Moreover, the narrative falls prey to yet another trope: “love cures all.” Rinku’s childhood trauma led her to believe in the existence of a character, who didn’t exist; Vishu’s love brings her back in touch with reality. Well, in real life, things aren’t nearly as simple. But by suggesting it is, Atrangi Re almost criminally oversimplifies the complex experience of navigating the neurotypical world while living with psychosis; it passes on the message that all one needs to do to be “cured” of mental illnesses is to find love. In a culture where “settling down and having babies” is seen as the ultimate solution to most of life’s problems, this import seems highly irresponsible.
Moreover, the movie simultaneously puts forth toxic ideals of love. When Vishu explains how he met his fiancé in college and they simply fell in love, Rinku mocks his story, saying she doesn’t consider it “love” unless it’s tumultuous, mutinous, and results in a handful of people being beheaded. Unfortunately, that sets the tone for the love that eventually blossoms between the pair — furthering, yet again, a toxic notion of love and making trauma seem aspirational.
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However, to give credit where it’s due: despite its nauseatingly caricaturish depiction of what living with psychosis looks like, the filmmakers did do a not-too-terrible job at explaining what psychosis is, and what caused Rinku’s character to experience it. By using humane, everyday metaphors and accessible, non-jargony language, Dr. Madhusudan explained to Vishu and an audience that would otherwise have been largely unaware of the condition, how and why psychosis manifests.
Further, Dr. Madhusudan’s insistence on psychiatric medication as a necessary part of her treatment could serve to normalize medication for mental health. In a country where its consumption is considered a sign of weakness, or a “quick fix” to avoid “manning up” and dealing with one’s problems, this medication discourse could be a silver lining to the otherwise loathsome take on mental health.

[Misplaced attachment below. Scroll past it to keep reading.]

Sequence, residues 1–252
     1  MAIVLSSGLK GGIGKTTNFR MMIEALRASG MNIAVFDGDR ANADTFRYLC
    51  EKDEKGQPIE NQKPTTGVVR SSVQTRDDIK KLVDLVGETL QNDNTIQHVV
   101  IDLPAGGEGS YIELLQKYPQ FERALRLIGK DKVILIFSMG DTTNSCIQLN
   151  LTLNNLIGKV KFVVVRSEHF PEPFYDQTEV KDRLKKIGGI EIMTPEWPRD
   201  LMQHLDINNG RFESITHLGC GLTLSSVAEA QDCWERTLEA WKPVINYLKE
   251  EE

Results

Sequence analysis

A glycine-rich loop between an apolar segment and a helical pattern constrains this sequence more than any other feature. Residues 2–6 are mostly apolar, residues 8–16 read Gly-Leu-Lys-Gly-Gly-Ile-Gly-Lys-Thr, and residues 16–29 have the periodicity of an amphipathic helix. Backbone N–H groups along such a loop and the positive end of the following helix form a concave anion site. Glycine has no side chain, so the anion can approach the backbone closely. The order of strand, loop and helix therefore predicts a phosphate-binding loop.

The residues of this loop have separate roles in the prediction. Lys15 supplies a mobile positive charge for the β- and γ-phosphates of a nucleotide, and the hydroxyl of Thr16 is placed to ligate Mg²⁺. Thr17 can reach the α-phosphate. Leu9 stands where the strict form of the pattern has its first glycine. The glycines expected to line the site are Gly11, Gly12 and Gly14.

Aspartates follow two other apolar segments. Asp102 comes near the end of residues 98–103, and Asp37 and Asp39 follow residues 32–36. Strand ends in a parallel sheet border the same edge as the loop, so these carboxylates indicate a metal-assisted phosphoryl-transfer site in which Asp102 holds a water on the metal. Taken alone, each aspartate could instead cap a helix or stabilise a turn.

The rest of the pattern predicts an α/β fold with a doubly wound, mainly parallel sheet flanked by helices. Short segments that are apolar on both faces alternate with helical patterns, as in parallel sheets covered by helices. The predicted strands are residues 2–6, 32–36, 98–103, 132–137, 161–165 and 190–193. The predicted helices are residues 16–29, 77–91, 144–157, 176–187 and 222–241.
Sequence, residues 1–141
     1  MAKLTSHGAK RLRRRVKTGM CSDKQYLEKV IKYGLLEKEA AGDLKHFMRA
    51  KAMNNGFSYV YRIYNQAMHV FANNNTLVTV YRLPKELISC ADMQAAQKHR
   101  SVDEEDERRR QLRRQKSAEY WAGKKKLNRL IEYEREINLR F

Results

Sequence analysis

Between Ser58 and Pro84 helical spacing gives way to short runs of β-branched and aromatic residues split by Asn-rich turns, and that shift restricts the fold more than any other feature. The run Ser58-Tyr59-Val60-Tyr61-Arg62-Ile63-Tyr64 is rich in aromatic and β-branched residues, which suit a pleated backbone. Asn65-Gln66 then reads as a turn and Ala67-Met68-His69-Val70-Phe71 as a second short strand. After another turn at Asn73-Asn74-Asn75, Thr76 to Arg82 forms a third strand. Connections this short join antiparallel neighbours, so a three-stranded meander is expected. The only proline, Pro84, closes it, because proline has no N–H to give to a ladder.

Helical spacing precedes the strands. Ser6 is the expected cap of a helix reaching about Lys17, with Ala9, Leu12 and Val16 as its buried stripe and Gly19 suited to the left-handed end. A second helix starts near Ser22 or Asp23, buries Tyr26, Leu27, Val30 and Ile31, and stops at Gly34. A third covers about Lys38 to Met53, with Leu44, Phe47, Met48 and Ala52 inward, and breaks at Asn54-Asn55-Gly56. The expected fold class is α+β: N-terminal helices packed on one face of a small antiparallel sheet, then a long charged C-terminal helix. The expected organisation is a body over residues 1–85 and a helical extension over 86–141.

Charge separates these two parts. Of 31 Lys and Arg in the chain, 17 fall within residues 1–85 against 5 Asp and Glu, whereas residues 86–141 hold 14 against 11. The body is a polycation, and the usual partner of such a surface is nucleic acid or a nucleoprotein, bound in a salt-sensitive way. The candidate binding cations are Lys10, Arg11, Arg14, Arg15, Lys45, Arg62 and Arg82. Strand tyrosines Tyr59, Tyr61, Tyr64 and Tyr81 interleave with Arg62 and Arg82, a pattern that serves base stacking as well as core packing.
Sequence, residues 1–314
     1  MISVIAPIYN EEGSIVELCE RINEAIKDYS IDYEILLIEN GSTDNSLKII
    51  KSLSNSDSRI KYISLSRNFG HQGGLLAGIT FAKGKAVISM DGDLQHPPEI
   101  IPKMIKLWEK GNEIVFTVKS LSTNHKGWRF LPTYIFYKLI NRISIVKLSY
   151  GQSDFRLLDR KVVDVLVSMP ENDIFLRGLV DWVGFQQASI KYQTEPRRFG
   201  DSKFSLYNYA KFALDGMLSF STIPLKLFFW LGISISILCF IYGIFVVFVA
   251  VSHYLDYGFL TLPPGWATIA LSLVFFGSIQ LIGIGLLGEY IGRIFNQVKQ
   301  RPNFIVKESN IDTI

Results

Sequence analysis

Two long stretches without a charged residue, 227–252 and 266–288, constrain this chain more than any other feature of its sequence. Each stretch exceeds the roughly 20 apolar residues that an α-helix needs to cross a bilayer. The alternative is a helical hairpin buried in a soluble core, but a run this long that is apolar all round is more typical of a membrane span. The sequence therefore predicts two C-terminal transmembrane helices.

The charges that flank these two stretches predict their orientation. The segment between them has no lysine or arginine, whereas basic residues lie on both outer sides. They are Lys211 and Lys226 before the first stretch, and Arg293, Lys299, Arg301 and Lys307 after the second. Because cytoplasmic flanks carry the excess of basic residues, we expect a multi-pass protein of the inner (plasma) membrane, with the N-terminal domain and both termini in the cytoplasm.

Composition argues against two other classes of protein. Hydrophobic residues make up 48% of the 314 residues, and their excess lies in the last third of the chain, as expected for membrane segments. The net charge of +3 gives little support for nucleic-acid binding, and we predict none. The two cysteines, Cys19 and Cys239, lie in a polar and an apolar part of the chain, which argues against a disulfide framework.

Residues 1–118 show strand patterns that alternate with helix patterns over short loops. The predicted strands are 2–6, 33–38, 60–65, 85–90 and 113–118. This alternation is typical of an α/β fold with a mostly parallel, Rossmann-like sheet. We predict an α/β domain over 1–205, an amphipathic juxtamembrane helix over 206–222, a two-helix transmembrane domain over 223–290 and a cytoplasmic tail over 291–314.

However, the bit about the psychiatric medication did make me uncomfortable — yet again — to come to terms with medicating someone without either their own consent or that of a family member appointed by them to make decisions on their behalf. What is even more distressing is that brings to mind instances of people, and especially women, living with mental health conditions not being considered “capable” of making decisions for themselves, which often leads to society — and even legal systems — denying them agency over their own lives. Britney Spears’ recently-concluded conservatorship certainly comes to mind here.
“Informed consent is a distant dream, people are just grabbed and brought,” Dr. Bhargavi Davar, director of Pune-based Bapu Trust, had told The News Minute in 2017. Rather than normalizing the practice, I was left wishing the movie made its audiences question the sexism, able-ism, and stigma against mental health that drives the phenomenon. But, perhaps, that was too far-fetched of an expectation from a movie that couldn’t even spare sensitivity to its protagonist’s ongoing experience of psychosis.
Overall, one might be tempted to say this is a glass-half-full situation. Mental health and psychosis rarely make it to the big screen — especially with mainstream actors essaying these characters, and Karan Johan promoting it. But the fact remains that mental health is still heavily misunderstood in India. As such, dramatizing and romanticizing it to a point where it, too, loses touch with reality, seems almost worse than not engaging in the discourse at all.